Pelotero (Ross Finkel, 2011) Dominican Republic, USA

Reviewed by  Brendan Beaghler. Viewed at the Santa Barbara Film Festival.


Pelotero is a documentary about two young Dominican Republican baseball athletes with their eyes set on getting signed by a Major League Baseball (MLB) team  after they turn 16. The film was in Spanish and had English subtitles, but had some moments of when they interviewed Americans that was in English. Besides being in the Santa Barbara Film Festival it was also in the Hamptons International Film Festival. The Major League Baseball (MLB) has invested a lot of money in the Dominican Republic because of the great baseball players they have produced, such as David Ortiz, Vladimir Guerrero, and numerous other big time players. The film shows the corruption and manipulation that major league baseball teams have on signing these Dominican Republic athletes and how signing with an MLB team is there key to a better life.

The two players highlighted in this film are two young young athletes, Miguel Angel Sano and Jean Carlos Batista. They both understand that being signed by an MLB team is there chance to create a better life for themselves and their families. July 2nd is a big day for these two athletes because it is  the day MLB teams are allowed to sign them. The documentary is starts a couple months before July 2nd.  Miguel Angel Sano plays shortstop and is said to be the best player from the Dominican Republic and a future franchise star in the MLB. He was expected to have a record breaking signing bonus, but rumors about his age postponed his signing day. Since some players from the Dominican Republic were discovered lying about their age, the MLB has started a grueling process to make sure their future investments are actually sixteen. This was the problem for Miguel Angel Sano because he was such a phenomenal athlete rumors began to circulate about his age. This postponed his signing day because no team wanted to have to give him as much money as he deserved if he was over sixteen years old.  He had to undergo a bone marrow test and blood test and the MLB investigated his school  and hospital records in order to discover his true age. They finally could not find any evidence to prove that is actually age was not sixteen.   So after 8 months of investigation, he finally signed with the Minnesota Twins for 3.5 million dollars. The other athlete highlighted in this film is Jean Carlos Batista, who is another shortstop. He left home at 13 years old to live with his trainer to began training to be signed by the MLB. Jean Carlos Batista is a very talented, but has a giant chip on his shoulder which ultimately leads him to getting a lower signing bonus then he anticipates. He rejects his first offer for 400,000 dollar signing bonus, and then a few weeks later without signing with any team it is discovered he actually lied about his age. If a player is discovered to lie about their age, they are suspended from signing with any team by the MLB for one year.  He eventually signs with Arizona Diamond Backs, but gets much less then his initial offer.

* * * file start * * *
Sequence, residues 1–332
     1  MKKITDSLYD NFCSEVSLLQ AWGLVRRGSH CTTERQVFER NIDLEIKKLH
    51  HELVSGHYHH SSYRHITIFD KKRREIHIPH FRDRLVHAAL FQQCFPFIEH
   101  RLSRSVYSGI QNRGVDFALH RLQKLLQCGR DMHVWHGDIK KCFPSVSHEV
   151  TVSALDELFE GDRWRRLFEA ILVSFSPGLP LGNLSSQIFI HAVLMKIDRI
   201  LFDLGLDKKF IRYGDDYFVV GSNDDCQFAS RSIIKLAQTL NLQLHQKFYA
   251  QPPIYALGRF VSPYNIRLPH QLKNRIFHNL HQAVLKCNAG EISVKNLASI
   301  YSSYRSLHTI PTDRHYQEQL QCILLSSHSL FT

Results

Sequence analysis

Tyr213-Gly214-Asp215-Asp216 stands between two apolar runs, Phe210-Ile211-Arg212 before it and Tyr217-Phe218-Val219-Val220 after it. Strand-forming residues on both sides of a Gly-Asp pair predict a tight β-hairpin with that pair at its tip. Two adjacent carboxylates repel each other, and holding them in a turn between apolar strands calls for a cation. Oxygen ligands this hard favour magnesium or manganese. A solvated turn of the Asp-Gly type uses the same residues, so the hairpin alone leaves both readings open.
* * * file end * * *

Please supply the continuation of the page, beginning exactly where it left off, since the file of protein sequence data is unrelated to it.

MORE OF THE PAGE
The was a very informative documentary and taught me a lot about another aspect of baseball I had no idea about.The film really does a great way depicting of how the MLB team do whatever they can to sign these young athletes for less money, which was the case about Miguel Angel Sano. I was appalled by how these young athletes are treated by the MLB, but the MLB is a monopoly and they can do pretty much whatever they want. It was not the best documentary I have seen because it was done on such a low budget. However they still produced a good documentary. I am looking forward to seeing these players in some professional baseball games.

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